Proverbs 1:8-9 – Listen, my son, to your father’s instruction, and do not forsake the teaching of your mother. For they are a garland of grace on your head and a pendant around your neck.
Proverbs 23:22 – Listen to your father, who gave you life, and don’t despise your mother when she is old.
Proverbs 15:20 – Sensible children bring joy to their father; foolish children despise their mother.
However, children who are disobedient to this most basic sense of authority are also shown the end that results from choosing their own way.
Proverbs 19:26 – Children who mistreat their father or chase away their mother are an embarrassment and a public disgrace.
Proverbs 20:20 – If you insult your father or mother, your light will be snuffed out in total darkness.
Proverbs 28:24 – Anyone who steals from his father and mother and says, “What’s wrong with that?” is no better than a murderer.
Proverbs 30:17 – The eye that mocks a father and despises a mother’s instructions will be plucked out by ravens of the valley and eaten by vultures.
In these passages this sense of structural authority within the family unit provides a powerful basis for wisdom and right actions. It is here that the roots of the kingdom are set deep into the soil so that each generation can continue to rise to the greatest heights in a demonstration of God’s power and glory over his Creation.
In a moment, we will see how this principle of parental authority is also built on by Yeshua and the apostles within the writings of the New Testament.
The God-given authority of the father and mother was an ongoing kingdom principle for the early Messiah believers, also. Before we look at the apostolic writings, though, we can see this principle exemplified most clearly by Messiah himself.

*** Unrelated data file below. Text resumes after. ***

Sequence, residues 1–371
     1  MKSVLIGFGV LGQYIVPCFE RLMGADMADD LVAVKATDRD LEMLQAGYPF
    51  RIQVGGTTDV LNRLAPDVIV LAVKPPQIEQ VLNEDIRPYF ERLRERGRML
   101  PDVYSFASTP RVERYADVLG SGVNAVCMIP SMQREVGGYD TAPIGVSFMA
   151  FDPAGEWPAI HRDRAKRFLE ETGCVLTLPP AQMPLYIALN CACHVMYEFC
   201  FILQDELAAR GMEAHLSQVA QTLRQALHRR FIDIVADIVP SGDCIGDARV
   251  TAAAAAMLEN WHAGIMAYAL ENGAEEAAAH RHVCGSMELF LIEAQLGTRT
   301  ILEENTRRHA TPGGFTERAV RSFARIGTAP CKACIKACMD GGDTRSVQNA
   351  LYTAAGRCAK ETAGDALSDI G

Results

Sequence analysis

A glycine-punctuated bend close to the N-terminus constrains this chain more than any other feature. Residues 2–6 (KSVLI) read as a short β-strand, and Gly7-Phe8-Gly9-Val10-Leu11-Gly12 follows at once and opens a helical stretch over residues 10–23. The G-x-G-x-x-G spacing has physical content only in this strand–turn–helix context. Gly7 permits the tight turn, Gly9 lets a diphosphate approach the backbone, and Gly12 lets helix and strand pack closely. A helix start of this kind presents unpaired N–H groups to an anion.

Luke 2:41-51 – Every year Yeshua’ parents went to Jerusalem for the Passover festival. When Yeshua was twelve years old, they attended the festival as usual. After the celebration was over, they started home to Nazareth, but Yeshua stayed behind in Jerusalem. His parents didn’t miss him at first, because they assumed he was among the other travelers. But when he didn’t show up that evening, they started looking for him among their relatives and friends. When they couldn’t find him, they went back to Jerusalem to search for him there. Three days later they finally discovered him in the Temple, sitting among the religious teachers, listening to them and asking questions. All who heard him were amazed at his understanding and his answers. His parents didn’t know what to think. “Son,” his mother said to him, “why have you done this to us? Your father and I have been frantic, searching for you everywhere.” “But why did you need to search?” he asked. “Didn’t you know that I must be in my Father’s house?” But they didn’t understand what he meant. Then he returned to Nazareth with them and was obedient to them. And his mother stored all these things in her heart.
This wonderful passage gives us a rare glimpse into the childhood of Yeshua, and how he viewed his own role in relation to his parents. The typical evaluation of this passage explains how at such an early age, Yeshua understood the uniqueness of his role and how he recognized Yahweh God as his father. Yet, the nugget in the story for our purposes today is that final verse that says, “he returned to Nazareth with them and was obedient to them.” To me, this speaks volumes on Yeshua’s recognition of the established order of parental authority. Even though he was spiritually maturing at an accelerated pace, he chose to remain obedient to his parents in conformity with the overall plan of God’s kingdom. He honored his mother and his father.
He also taught this as an adult as he reiterated the validity of the Ten Commandments. When answering questions from an inquirer about eternal life, Yeshua responded with the necessity of recognizing the authority of the torah, or instruction of God.